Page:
The same year that Gulpilil appeared in the family-friendly Storm Boy, he also starred – alongside Dennis Hopper (pictured above, right) – in a violent, confronting biopic set during Australia’s colonial era. In said biopic, Gulpilil plays an accomplice and confidant to the titular bushranger, guiding him through unfamiliar terrain and abetting his crimes.
Mad Dog Morgan is an example of the “Meat Pie Western”, a term affectionately given to an Australian production that utilises the tropes of a Hollywood Western. Its success, both at home and internationally, helped spur the New Wave of antipodean cinema and gave rise to numerous imitations in the decades that followed; one such example is The Proposition (2005), which featured Gulpilil in a minor role as an interpreter.
Crocodile Dundee (1986)
Here’s a movie that needs no introduction. It’s the worldwide box-office smash that made Kakadu a top holiday destination for tourists locally and abroad, renewed interest in Australia and its culture, and transformed Paul Hogan from a TV larrikin to an international star. Neville is the character Gulpilil plays here, who meets with friend Mick Dundee (Hogan) and American journalist Sue Charlton (Linda Kozlowski) on his way to a Corroboree – a ceremonial gathering of First Nations peoples.
The briefest of Gulpilil’s roles on this list, and possibly the one he’s recognised most-widely for, Neville is viewed as the embodiment of modern Indigenous culture; caught between modernity and tradition, practising the ways of his ancestors while also adhering to the white man’s norms – it’s most evident in his appearance, with Neville seen wearing traditional face-paint with jeans and a wristwatch.
The Tracker (2002)
The first film to credit Gulpilil as a lead performer, this low-budget drama tells of an Indigenous man tasked, at the behest of the white authorities, with locating a fellow Aborigine accused of murder. Ironically, the actor performed in a very similar role for Phillip Noyce’s Rabbit-Proof Fence (also 2002) albeit as a supporting player with less screen-time – and hence, is never given the opportunity to truly flex his acting chops.
The Tracker marked Gulpilil’s first collaboration with director Rolf de Heer, and netted him an AFI Award for Best Actor. It’s an accolade that’s rightfully deserved, for he does well to convey the conflicted emotions of his character – the apprehension, fear, guilt and anger, sometimes all at once – and does so with an unflinching ease, outshining all of his co-stars in the process.
Ten Canoes (2006)
Following the success of The Tracker, Gulpilil and de Heer reunited for another narrative, and a particularly ground-breaking one at that. It’s a tale of sacrifice, leadership, covetousness and warfare that takes place before European settlement, is spoken in the Yolngu Matha language and features a cast of First Nations actors in traditional dress. As a result, Ten Canoes is the most authentic representation of a nomadic, tribal lifestyle ever put to film.
Unlike his two other partnerships with de Heer, Gulpilil doesn’t make a physical appearance on this occasion, with his son Jamie (pictured above) playing the lead instead. But the elder Gulpilil still has a presence in Ten Canoes, taking on the role of narrator in both the English and Yolngu Matha versions of the picture, complete with his trademark energy and dry wit.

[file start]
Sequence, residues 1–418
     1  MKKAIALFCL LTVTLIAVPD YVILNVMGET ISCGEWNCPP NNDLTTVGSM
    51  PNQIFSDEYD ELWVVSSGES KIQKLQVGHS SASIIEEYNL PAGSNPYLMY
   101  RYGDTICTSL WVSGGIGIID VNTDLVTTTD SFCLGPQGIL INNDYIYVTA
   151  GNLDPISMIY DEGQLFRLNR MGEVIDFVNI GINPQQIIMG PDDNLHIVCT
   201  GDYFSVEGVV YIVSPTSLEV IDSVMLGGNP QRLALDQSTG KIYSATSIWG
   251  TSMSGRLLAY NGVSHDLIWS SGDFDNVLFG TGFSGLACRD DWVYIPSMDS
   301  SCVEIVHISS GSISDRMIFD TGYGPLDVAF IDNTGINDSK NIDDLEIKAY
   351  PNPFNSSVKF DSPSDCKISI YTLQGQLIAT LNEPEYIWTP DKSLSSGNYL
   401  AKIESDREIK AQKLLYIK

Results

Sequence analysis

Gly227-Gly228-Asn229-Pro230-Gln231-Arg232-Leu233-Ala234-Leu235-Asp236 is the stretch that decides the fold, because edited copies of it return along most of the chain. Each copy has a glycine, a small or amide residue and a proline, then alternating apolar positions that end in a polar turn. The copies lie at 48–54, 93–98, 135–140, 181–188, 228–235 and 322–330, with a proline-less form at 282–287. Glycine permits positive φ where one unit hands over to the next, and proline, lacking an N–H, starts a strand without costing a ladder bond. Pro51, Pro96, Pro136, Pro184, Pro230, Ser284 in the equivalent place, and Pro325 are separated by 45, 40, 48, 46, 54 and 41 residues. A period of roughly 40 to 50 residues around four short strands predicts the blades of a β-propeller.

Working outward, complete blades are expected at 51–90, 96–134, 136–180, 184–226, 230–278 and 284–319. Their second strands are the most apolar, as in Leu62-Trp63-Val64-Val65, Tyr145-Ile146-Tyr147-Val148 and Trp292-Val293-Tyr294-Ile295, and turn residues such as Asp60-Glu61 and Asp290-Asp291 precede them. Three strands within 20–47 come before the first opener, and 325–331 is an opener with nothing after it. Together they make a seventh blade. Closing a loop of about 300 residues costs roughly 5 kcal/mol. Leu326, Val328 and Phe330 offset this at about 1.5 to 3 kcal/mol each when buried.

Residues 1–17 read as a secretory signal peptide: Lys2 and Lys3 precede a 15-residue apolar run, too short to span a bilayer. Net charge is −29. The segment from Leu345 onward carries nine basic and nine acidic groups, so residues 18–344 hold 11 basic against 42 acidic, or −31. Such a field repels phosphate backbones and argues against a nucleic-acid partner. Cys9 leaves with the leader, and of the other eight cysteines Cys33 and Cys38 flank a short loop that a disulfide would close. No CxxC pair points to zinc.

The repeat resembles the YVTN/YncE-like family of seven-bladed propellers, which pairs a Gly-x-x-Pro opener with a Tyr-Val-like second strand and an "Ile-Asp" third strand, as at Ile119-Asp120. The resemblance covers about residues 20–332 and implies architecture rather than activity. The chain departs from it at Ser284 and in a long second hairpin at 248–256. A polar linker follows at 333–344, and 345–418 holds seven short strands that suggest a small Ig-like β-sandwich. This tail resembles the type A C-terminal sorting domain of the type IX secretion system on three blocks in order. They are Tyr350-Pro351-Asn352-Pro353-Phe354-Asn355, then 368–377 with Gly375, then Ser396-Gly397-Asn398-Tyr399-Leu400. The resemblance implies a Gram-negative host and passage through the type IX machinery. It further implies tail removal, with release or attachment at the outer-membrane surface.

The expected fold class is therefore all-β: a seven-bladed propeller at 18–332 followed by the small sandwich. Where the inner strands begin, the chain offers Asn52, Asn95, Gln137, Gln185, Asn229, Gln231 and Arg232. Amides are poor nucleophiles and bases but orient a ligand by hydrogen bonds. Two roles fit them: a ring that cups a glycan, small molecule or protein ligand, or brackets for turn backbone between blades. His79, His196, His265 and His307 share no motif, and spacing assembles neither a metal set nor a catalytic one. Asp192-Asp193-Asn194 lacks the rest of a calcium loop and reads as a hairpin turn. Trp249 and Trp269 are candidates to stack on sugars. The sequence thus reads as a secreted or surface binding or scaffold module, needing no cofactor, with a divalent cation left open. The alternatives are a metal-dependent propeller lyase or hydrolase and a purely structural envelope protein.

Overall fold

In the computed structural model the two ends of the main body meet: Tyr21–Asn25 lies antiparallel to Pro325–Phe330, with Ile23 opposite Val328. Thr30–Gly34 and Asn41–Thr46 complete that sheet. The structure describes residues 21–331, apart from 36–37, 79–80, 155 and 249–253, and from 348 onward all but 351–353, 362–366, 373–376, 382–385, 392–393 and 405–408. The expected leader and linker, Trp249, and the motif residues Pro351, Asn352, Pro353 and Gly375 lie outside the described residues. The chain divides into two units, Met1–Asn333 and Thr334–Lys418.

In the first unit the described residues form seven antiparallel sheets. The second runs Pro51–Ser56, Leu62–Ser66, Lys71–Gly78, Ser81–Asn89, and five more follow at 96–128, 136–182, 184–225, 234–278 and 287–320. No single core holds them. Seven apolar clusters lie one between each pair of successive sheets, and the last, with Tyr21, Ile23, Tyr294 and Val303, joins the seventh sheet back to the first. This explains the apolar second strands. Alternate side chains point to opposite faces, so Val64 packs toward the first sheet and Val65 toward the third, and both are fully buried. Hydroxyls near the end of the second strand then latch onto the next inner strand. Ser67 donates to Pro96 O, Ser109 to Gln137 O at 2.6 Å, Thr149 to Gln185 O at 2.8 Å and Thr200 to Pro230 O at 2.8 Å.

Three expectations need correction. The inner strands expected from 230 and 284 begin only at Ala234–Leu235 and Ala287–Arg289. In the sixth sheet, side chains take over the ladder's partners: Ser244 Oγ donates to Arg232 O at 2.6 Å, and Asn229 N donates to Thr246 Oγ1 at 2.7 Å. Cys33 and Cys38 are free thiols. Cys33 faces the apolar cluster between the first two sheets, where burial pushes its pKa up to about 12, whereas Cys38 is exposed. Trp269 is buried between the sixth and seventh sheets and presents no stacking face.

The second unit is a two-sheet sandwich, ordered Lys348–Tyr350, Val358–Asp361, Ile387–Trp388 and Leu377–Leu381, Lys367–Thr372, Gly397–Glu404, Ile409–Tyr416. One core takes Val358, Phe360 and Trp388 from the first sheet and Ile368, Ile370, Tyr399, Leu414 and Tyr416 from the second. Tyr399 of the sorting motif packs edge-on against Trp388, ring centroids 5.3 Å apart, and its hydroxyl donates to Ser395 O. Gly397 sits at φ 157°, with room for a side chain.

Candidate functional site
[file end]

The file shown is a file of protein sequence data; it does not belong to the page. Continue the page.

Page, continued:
Baz Luhrmann’s Northern Territory-set epic was much-hyped at the time of its release, stirring the emotions of many an Australian with its allusions to the Stolen Generations and re-enactment of the World War II bombing of Darwin. Also generating hype was a star-laden cast that included the two biggest Australian thespians of the day, Hugh Jackman and Nicole Kidman, in addition to David Wenham, Bryan Brown, Ben Mendelsohn, Jack Thompson and, of course, Gulpilil.
The latter plays an Indigenous elder known to the white settlers as King George, who’s also the grandfather of Nullah (Brandon Walters), the half-caste child adopted by Lady Sarah Ashley (Kidman). ‘Tis a more restrained and mostly silent performance from the venerable actor, one that doesn’t make full use of his abilities; but his presence in this big-budget, Hollywood-backed blockbuster did, at least, immortalise him as a legend of the Australian screen.
Charlie’s Country (2014)
The years that followed Luhrmann’s Australia were some of the most turbulent for Gulpilil, who spent time in jail for physical assault and as such, failed to find work. His experience in prison, and in poverty, would eventually inform his third collaboration with de Heer, in which he plays a semi-fictionalised version of himself named Charlie. It’s a deeply personal narrative, yet one that resonates widely, for his story is reflected in First Nations communities across Australia.
Charlie’s Country had its premiere at the Cannes Film Festival, with the lead winning an award for his performance as part of the Un Certain Regard program; this feat would later be replicated at that year’s AACTA Awards, with Gulpilil winning Best Actor for a second time. More importantly though, the film revived Gulpilil’s dormant career, ensuring that audiences hadn’t seen the last of his talents.